Michael I. Lewis’s SearchMySite.Net is a curated search engine I use for finding additional interesting technical writing to link to. Though there’s others like Wiby.Me & Marginalia.

SearchMySite.Net is built upon Apache Solr (thus in turn Apache Lucene), Scrappy, PostgreSQL, and (to build a now opensource abstraction/UI layer I’m not interested in studying) Python’s Flask web framework.

Apache Lucene

Apache Lucene is server software for document search. While many relational databases like PostgreSQL & SQLite also supports this, Lucene is more full-featured. To the extent it supports a range of spoken languages including Arabic, Bulgarian, Bengali, Brazilian, Catalan, Czech, Danish, German, etc, etc, etc.

As such I’d heavily recommend or one of it’s abstractions for any search engine you might want to make. Unless that’s not your app’s focus, then might be easier to use e.g. Postgres’s.

I won’t discuss Lucene’s extensive localization (everything search-related I’ve read is English centric, hence my heavy recommendation of Lucene or one of it’s abstractions) further, ask a linguist to explain them. Beyond saying there’s a wide range of complexities (usually trivial), and they involve parsing via a Flex/Bison Java-equivalent. Nor will I dig into text-processing toolshed surrounding surrounding these localizations.

Instead I’ll start from the indexing (then search) demo commands.


After parsing the commandline flags, validating that “-docs” was provided, parsing that filepath to it’s FSDirectory class.

FSDirectory wraps a given filePath, which it opens via one of two (local or NIO filesystems) other ByteBufferIndexInput wrappers, with an atomic pendingDeletes hashset & two atomic counters. One for operations since last deletion & another for naming temp files. Has directory traversal methods. Former determines when to delete those files.

It next constructs a StandardAnalyzer. StandardAnalyzer, which subclasses StopwordAnalyzerBase, pipelines StandardTokenizer to LowerCaseFilter to StopFilter to TokenStreamComponents.

StopwordAnalyzerBase stores a set of words, possibly parsed from a given file via WordlistLoader which parses a #-commented newline-seperated file.

StandardTokenizer wraps a StandardTokenizerImpl (which is implemented with help from the JFlex lexer generator) with it’s own scanner & configuration. I’m not entirely clear what this lexing’s for, but it primarily seems to serve to whitespace seperate words & determine which alphabet’s used.

LowerCaseFilter, ofcourse, converts all the words sent through it to lowercase via an internal utility iterating over the char arrays.

StopFilter implements it’s accept method to return whether the given query term is in the stopset by wrapping CharArraySet which in turn wraps CharArrayMap. CharArrayMap implements a simplistic hashmap around seperate key (2D character array) & value arrays sized to powers of two so can use bitmasks rather than divide. Hashes are computed by multiplying each char by 31 & adding the next.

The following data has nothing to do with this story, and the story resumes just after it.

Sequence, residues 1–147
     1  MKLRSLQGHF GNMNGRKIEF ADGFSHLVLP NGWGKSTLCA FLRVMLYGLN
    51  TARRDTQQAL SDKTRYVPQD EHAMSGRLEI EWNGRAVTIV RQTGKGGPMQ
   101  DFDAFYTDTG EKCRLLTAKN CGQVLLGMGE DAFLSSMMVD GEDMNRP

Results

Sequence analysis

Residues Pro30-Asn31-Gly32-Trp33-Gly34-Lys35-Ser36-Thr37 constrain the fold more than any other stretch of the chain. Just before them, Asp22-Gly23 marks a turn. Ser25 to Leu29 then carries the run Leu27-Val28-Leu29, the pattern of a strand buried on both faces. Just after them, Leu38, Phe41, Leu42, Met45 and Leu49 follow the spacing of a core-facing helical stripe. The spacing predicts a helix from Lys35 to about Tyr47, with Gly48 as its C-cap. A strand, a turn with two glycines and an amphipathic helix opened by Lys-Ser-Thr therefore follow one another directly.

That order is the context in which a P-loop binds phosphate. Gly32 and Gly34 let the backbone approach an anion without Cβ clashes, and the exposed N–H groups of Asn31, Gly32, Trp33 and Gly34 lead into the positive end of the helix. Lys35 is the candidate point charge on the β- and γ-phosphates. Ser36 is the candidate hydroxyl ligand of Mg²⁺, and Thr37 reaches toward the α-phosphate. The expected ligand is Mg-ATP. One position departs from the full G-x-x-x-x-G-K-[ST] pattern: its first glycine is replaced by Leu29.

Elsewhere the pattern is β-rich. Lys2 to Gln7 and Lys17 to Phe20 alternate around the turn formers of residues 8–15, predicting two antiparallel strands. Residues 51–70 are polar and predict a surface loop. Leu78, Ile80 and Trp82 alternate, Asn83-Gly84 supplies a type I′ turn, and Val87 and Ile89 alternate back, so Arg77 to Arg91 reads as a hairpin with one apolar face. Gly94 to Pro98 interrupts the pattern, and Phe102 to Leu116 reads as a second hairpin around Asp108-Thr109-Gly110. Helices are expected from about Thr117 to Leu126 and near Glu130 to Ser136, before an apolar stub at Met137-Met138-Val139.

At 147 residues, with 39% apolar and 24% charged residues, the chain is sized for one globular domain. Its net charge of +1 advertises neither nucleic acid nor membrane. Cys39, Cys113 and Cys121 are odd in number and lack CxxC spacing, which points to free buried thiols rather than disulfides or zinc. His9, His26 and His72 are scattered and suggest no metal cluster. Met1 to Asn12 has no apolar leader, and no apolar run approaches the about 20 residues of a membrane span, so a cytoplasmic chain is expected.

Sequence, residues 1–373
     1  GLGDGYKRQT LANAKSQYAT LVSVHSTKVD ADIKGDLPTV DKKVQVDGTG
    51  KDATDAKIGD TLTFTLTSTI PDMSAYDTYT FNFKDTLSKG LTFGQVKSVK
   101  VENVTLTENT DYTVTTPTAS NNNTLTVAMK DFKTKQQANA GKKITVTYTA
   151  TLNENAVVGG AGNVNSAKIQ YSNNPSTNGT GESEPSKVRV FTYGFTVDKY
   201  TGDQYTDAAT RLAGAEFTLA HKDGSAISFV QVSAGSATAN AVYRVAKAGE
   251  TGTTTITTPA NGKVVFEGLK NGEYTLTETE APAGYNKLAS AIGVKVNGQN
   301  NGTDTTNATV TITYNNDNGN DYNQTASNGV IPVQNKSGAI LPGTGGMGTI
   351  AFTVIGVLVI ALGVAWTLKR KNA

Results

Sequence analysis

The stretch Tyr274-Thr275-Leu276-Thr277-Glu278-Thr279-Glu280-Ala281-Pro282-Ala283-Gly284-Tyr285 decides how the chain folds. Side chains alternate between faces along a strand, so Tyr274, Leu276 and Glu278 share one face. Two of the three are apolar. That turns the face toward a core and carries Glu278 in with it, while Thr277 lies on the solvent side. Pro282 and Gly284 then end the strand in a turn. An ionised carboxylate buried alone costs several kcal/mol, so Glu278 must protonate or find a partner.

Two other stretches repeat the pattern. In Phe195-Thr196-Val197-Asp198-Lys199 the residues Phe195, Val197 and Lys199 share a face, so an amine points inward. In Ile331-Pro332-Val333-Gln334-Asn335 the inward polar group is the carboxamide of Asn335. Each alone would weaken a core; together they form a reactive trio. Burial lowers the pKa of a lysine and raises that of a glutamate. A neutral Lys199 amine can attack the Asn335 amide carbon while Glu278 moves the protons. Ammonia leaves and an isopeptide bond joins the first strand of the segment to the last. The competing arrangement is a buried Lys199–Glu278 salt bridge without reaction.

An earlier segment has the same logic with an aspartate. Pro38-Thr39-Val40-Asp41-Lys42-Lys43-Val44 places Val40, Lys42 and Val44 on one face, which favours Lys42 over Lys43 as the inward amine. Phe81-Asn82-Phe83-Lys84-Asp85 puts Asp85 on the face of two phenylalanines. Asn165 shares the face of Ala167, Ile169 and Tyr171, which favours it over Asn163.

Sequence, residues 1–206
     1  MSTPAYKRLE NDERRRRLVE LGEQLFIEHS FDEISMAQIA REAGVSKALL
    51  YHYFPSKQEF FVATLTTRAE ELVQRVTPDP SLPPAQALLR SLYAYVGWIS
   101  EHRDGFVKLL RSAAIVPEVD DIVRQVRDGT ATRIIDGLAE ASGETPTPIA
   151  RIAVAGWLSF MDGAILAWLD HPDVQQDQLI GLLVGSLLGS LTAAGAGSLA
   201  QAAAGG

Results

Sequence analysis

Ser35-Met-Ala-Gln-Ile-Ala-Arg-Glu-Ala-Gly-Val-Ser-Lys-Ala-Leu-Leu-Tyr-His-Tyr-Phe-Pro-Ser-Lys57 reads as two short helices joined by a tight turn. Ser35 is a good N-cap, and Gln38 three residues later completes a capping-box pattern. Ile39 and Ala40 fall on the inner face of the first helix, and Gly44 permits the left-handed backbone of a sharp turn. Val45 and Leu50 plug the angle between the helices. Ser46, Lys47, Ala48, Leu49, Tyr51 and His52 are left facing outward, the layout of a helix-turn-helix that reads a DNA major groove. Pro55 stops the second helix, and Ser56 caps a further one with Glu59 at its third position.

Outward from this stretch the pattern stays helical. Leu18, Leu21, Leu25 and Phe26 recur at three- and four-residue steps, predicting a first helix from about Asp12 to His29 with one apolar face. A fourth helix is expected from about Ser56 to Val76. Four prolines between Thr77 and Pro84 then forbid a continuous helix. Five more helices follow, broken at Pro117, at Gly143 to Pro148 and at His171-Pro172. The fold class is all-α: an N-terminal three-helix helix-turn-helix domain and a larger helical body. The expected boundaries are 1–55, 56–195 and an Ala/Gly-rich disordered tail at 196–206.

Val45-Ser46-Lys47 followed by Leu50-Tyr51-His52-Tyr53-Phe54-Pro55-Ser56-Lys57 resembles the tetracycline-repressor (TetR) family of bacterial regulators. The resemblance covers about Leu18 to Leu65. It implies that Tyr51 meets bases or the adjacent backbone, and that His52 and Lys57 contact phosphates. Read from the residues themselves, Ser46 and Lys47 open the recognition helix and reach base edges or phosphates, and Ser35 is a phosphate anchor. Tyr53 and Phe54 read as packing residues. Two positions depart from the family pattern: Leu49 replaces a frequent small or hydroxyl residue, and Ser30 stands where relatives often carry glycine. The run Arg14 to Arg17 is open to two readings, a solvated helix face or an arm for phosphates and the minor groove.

I’m having trouble locating TokenStreamComponents, it’s probably just an output struct.

Next the demo program constructs a IndexWriterConfig struct, which subclasses LiveIndexWriterConfig struct, and sets some of it’s properties. I’m calling these “structs” because they contain little more than accessor methods.

Then it creates an IndexWriter, reads every file directly or indirectly in the specified directory, & loads them into that IndexWriter as dynamically-typed serializable Document structs.

And cleans up with time profiling & exception handling.

Lucene can index on-disk Documents, which dynamically typed structures with whatever properties you want, via a IndexWriter.

To add or update each given doc it first (which the demo loads from given dir) it ensures the indexfile is still open, defers to DocWriter, .process all atomically queued events under a semaphore, & handles merges. Handling merges involves validation with error messages, deferring to configured MergePolicy, & defering to a multithreaded MergeScheduler.

That MergeScheduler, after it’s state-tracking & validation defers back to each given MergeSource now each in a new thread.

To update a document Lucene’s DocWriter first validates the file is still open & stalled threads or flushes pending. Additional metadata is written out before each flush. Then obtains a per-thread lock which it, between tracking threading state, defers to. And before considering reflushing.

Each thread, between outputting optional logs, iterates over the given docs validating we aren’t exceding a document cap & deferring to an IndexingChain. After iterating over all given documents it enqueues a deletion of the previous docversion to populate a DeleteSlice it’ll then regardless .apply.

The IndexingChain will first tell it’s TermHash & (with exception handling) StoredFieldsConsumer to start the document before iterating thrice over each field with exception handling.

The first iteration gathers all the field structural metadata into a inlined closed hashmap validating there aren’t too many & updating the FieldSchema.

The second iteration initializes the FieldInfo for each of those fields & the appropriate writer for it’s type.

The third actually writes out the field values using the classes initialized in previous iteration.

Beneath this is a suite of allocator & serialization classes, with or without sorting/compression, wrapping StoredFieldsWriter

There’s essentially one shallow layer around the classes which writes raw bytes to the fields.

The basic structure of which is a little unobvious from this perspective, but seems to resemble what SQLite FTS5 does: store a prefix-compressed sorted list in each “page” (hardware & filesystems concept) of persistant storage mapping from search terms to sorted matching documents.

When such a page is too small that’s when the concurrent merge sort kicks in.


Now that I’ve described how Apache Lucene generates it’s index file, how does it actually use that to speed up searching?

The first thing the demo program for this does is to initialize an IndexSearcher wrapping a given IndexReaderContext & it’s related classes. It further gathers a sorted array of “leaf slices” from the IndexReaderContext’s .leaves() whilst grouping them into consistantly-sized buckets.